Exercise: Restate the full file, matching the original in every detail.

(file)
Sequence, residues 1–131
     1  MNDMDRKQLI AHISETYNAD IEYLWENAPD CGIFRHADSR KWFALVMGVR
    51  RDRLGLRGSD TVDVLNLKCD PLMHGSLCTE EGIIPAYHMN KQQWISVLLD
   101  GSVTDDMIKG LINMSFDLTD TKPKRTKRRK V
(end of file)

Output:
Sequence, residues 1–131
     1  MNDMDRKQLI AHISETYNAD IEYLWENAPD CGIFRHADSR KWFALVMGVR
    51  RDRLGLRGSD TVDVLNLKCD PLMHGSLCTE EGIIPAYHMN KQQWISVLLD
   101  GSVTDDMIKG LINMSFDLTD TKPKRTKRRK V